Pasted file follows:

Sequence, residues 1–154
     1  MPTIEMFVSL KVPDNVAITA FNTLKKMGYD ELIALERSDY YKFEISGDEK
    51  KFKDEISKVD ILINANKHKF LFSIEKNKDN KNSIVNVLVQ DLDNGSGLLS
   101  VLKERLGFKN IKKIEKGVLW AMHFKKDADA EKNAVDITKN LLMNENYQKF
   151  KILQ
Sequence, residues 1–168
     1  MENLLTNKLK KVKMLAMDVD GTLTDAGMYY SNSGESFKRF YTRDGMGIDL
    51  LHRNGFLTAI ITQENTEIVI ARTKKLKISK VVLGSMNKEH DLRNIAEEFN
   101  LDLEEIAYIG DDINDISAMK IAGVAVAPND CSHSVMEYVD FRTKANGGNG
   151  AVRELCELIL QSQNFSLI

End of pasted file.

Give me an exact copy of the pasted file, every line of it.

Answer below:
Sequence, residues 1–154
     1  MPTIEMFVSL KVPDNVAITA FNTLKKMGYD ELIALERSDY YKFEISGDEK
    51  KFKDEISKVD ILINANKHKF LFSIEKNKDN KNSIVNVLVQ DLDNGSGLLS
   101  VLKERLGFKN IKKIEKGVLW AMHFKKDADA EKNAVDITKN LLMNENYQKF
   151  KILQ
Sequence, residues 1–168
     1  MENLLTNKLK KVKMLAMDVD GTLTDAGMYY SNSGESFKRF YTRDGMGIDL
    51  LHRNGFLTAI ITQENTEIVI ARTKKLKISK VVLGSMNKEH DLRNIAEEFN
   101  LDLEEIAYIG DDINDISAMK IAGVAVAPND CSHSVMEYVD FRTKANGGNG
   151  AVRELCELIL QSQNFSLI